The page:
Paycheck Protection Program Flexibility Act

On June 4, the U.S. Senate passed the Paycheck Protection Program (PPP) Flexibility Act of 2020. The president is expected to sign it into law. The bill largely follows the Small Business Administration’s (SBA’s) interim final rule on loan forgiveness requirements issued in late May. The bill eases several of the PPP’s more onerous restrictions regarding loan forgiveness. For example, businesses will have 24 weeks rather than eight weeks to use the loan money. The bill also eliminates the restrictions that limited nonpayroll expenses to 25% of loan proceeds and the restrictions that limited loan terms to two years. Contact us for more information.

Business Meal Deductions: The Current Rules Amid Proposed Changes

Restaurants and entertainment venues have been hard hit by the novel coronavirus (COVID-19) pandemic. One of the tax breaks that President Trump has proposed to help them is an increase in the amount that can be deducted for business meals and entertainment. It’s unclear whether Congress would go along with enhanced business meal and entertainment deductions. But in the meantime, let’s review the current rules. Before the pandemic hit, many businesses spent money “wining and dining” current or potential customers, vendors and employees. The rules for deducting these expenses changed under the Tax Cuts and Jobs Act (TCJA), but you can still claim some valuable write-offs. And keep in mind that deductions are available for business meal takeout and delivery. One of the biggest changes is that you can no longer deduct most business-related entertainment expenses. Beginning in 2018, the TCJA disallows deductions for entertainment expenses, including those for sports events, theater product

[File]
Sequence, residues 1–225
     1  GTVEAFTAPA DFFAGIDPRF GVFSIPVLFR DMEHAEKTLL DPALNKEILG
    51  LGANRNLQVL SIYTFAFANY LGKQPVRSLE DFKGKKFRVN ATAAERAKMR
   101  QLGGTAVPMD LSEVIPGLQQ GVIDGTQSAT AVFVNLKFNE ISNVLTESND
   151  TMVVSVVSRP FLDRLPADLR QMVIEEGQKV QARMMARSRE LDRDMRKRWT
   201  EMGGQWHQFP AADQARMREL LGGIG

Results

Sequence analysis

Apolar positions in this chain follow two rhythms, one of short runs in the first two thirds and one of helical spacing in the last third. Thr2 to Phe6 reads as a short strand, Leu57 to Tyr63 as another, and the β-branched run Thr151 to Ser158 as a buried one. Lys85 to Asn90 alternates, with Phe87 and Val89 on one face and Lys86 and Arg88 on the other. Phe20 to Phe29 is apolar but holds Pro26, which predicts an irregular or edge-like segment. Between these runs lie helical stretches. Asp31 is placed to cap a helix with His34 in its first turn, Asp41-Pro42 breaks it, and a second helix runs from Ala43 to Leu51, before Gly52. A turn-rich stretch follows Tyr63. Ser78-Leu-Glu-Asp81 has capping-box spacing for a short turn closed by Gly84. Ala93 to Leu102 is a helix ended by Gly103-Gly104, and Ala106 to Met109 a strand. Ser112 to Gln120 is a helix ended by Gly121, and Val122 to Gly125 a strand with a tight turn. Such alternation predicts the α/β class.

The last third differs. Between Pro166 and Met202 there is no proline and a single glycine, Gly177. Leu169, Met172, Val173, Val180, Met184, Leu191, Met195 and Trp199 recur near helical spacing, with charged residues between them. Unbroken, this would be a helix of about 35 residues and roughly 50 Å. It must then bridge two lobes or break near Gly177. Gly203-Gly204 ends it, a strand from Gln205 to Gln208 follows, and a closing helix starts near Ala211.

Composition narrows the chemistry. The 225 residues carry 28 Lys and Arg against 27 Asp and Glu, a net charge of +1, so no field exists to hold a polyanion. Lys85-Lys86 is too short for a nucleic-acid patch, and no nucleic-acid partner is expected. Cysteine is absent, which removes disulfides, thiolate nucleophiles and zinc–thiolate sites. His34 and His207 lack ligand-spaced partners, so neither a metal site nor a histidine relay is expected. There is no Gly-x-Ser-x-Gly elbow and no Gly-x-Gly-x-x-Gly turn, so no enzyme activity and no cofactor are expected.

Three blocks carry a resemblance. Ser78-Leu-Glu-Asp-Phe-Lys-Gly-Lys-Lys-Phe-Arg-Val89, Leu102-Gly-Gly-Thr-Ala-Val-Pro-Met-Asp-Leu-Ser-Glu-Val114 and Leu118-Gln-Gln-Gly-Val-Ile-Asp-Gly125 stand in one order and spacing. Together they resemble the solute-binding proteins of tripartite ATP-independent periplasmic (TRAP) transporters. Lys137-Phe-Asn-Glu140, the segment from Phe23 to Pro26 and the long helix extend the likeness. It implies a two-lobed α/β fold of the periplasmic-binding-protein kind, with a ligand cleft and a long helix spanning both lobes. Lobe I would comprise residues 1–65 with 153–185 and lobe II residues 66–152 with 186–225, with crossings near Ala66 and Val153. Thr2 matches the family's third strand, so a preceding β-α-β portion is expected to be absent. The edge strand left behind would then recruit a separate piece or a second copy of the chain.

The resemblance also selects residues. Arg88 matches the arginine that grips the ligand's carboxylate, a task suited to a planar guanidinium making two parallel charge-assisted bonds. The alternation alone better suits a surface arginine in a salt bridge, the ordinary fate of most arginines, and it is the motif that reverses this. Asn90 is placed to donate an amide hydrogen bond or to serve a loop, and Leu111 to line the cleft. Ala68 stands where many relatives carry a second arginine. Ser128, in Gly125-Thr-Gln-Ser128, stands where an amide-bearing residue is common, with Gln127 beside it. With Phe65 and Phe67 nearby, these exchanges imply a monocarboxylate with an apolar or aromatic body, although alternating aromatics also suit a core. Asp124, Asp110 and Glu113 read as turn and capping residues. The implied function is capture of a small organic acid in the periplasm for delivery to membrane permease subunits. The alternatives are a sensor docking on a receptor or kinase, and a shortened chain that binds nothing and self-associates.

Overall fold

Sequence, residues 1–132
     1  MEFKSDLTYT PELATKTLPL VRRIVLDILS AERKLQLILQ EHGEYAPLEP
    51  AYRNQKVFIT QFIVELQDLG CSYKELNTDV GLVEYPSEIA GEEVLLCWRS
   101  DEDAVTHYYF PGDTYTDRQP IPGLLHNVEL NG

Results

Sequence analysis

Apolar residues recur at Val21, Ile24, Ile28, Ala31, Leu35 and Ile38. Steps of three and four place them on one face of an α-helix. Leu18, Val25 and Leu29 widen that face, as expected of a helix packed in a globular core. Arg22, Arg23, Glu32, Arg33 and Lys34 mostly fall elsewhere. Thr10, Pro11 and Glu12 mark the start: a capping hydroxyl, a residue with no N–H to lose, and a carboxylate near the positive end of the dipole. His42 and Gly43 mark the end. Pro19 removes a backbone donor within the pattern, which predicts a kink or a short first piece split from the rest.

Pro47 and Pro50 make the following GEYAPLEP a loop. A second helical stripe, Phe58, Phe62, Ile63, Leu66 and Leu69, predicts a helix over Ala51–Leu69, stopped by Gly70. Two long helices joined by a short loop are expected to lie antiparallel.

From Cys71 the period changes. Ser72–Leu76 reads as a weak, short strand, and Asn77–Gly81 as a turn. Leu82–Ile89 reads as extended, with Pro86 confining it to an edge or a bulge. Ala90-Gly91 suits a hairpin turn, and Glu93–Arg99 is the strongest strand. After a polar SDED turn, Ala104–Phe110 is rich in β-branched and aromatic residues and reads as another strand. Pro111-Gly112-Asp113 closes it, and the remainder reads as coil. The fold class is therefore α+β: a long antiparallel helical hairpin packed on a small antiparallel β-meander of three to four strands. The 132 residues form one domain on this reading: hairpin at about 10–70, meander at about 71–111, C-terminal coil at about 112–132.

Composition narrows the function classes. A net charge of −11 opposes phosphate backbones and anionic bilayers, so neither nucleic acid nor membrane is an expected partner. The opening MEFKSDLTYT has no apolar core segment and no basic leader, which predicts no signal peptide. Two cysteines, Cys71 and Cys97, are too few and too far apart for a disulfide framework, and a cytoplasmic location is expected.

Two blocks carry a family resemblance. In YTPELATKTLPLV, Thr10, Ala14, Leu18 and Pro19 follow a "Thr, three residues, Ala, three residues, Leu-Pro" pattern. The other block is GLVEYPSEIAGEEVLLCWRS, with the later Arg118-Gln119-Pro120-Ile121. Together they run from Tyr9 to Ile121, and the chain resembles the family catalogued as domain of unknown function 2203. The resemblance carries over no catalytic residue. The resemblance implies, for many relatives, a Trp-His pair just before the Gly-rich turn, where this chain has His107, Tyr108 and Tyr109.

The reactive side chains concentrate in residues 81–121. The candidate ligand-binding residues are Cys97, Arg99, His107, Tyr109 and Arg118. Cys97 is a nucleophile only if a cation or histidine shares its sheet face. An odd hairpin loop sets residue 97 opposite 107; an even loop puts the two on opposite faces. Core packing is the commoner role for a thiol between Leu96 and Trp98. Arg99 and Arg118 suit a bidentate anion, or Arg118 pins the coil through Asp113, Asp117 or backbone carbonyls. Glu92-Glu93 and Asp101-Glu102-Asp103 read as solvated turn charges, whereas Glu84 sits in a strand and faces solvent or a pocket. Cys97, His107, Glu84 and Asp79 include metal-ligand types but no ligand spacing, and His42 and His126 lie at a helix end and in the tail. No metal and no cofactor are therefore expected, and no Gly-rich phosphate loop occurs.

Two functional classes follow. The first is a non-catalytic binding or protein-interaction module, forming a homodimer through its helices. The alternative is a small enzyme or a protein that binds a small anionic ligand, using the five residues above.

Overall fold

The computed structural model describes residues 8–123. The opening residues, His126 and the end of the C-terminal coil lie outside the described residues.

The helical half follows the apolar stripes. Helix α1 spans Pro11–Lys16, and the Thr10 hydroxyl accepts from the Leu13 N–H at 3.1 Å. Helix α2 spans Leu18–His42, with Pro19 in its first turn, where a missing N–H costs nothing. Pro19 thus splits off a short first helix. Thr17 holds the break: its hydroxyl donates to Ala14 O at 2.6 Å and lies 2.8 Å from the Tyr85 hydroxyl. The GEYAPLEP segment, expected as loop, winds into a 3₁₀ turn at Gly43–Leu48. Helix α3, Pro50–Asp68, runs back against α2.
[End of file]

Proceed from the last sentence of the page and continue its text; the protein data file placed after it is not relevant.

A Nonworking Spouse Can Still Have an IRA

It’s often difficult for married couples to save as much as they need for retirement when one spouse doesn’t work outside the home — perhaps so that spouse can take care of children or elderly parents. In general, an IRA contribution is allowed only if a taxpayer has compensation. However, an exception involves a “spousal” IRA. It allows a contribution to be made for a nonworking spouse. Under the spousal IRA rules, the amount that a married couple can contribute to an IRA for a nonworking spouse in 2020 is $6,000, which is the same limit that applies for the working spouse. Two main benefits As you may be aware, IRAs offer two types of benefits for taxpayers who make contributions to them. Contributions of up to $6,000 a year to an IRA may be tax deductible. The earnings on funds within the IRA are not taxed until withdrawn. (Alternatively, you may make contributions to a Roth IRA. There’s no deduction for Roth IRA contributions, but, if certain requirements are met, distributions are